Public and private collaboration will be the norm as COVID-19 is contained and America’s economy is revitalized
By Mary Scott Nabers
State and local government contracting represented a multitrillion dollar marketplace before the recent pandemic. That marketplace is now much larger … but its current size is insignificant compared to what it will be six months from now.
To combat the virus, trillions of dollars are being spent on services and equipment supplied by private-sector companies. Trillions more will be spent to get people back to work.
To reset the economy in 2020, trillions more will be sent to state and local governmental entities. Projects of all types will be launched, and almost all will be collaborative initiatives between public and private entities. That will be the fastest way to create jobs and combat a recession that is inevitable.
When the President declared a national emergency, that action allowed the release of important emergency procurement tools for federal, state, and local government officials. It also immediately freed up $50 billion for public entities to spend.
Then, when major disaster designations were issued for numerous states, more procurement leniencies were allowed and additional funding became available to state and local government officials. Federal agencies began coordinating with other jurisdictions and the Federal Emergency Management Agency (FEMA).
Supplies and services of every type are still needed. Demand has far exceeded supply. The unfortunate realization by many companies and organizations capable of helping governmental entities was that they didn’t know how to get started.
Too many firms that could have played a major role in recovery efforts were unable to overcome the challenges they faced. They didn’t know how or where to interact with public agencies.
Government contracting guidelines are hard to come by in emergency situations and most are difficult to understand. What follows is a quick, basic overview of a few government procurement basics because collaborative efforts between public and private sector parties will be America’s future.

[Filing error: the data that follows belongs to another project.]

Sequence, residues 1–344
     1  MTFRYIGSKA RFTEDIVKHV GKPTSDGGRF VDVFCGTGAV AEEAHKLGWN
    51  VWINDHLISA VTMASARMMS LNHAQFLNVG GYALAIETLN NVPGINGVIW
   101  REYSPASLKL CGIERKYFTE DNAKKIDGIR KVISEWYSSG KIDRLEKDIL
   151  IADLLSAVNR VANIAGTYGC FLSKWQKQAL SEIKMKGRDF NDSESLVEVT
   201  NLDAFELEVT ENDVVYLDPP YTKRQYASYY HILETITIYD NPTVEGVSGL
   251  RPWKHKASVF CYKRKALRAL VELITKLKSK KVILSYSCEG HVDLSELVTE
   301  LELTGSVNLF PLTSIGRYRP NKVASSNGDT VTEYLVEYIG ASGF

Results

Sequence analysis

There are many jurisdictions, and they all contract with private sector partners. Eventually, companies should check out procedures at every jurisdiction, but selling locally to government is likely the most immediate way to start.
At the federal level, there are basic procedures and different ways to find opportunities:
- Become part of the General Services Administration (GSA) Schedules Program.
- Small firms can get assistance with the federal level through individual agencies’ Offices of Small and Disadvantaged Business Utilization.
- Become a subcontractor by working for another company that is pursuing a contract with the federal government.
- Register for notifications and search the Contract Opportunities Search Tool on beta.SAM.gov
FEMA also offers ways for the private sector to get involved.
At the state level of government, most jurisdictions have sites for businesses to donate or sell supplies. Some of them include New York, Massachusetts, Washington, and Michigan.
Finally, at the local levels of government, almost all public entities have websites that set out procurement guidelines. And, most cities and counties have designated public officials to assist companies interested in selling to government.
Funding will flow to states, cities, counties, school districts, universities, public hospitals, community colleges, health districts, transit agencies, and every other division of government.
Under the Coronavirus Aid, Relief, and Economic Security (CARES) Act, local and state government officials will receive $274 billion for COVID-19 use.
The funding that is available now is but a start for government contractors. To get the country back to normal, public-private initiatives will be increased significantly.
And, to ensure that businesses are viable and able to work with government, Congress has provided various types of relief related to the pandemic. Businesses that have suffered because of shutdowns will find various types of relief in the most recent recovery program. The CARES Act sets out significant resources and funding in programs that will be administered by the U.S. Small Business Administration (SBA).
To ease even more strain on businesses around the country, the SBA has been given $350 billion that will be allocated through forgivable loans to businesses of all types. The funds are to be used for employee salaries and lease payments. The bill also sets aside $10 billion in grants for small businesses that need help covering short-term operating costs.
The future is clear – the pandemic will be contained and America will recover. Trends that have been set by COVID-19 will change many things. One obvious change is that government contracting, which has always been the norm, will be even more robust. It will be a significant component of the country’s recovery and its continued vitality over the next decade.
Mary Scott Nabers is president and CEO of Strategic Partnerships Inc., a business development company specializing in government contracting and procurement consulting throughout the U.S.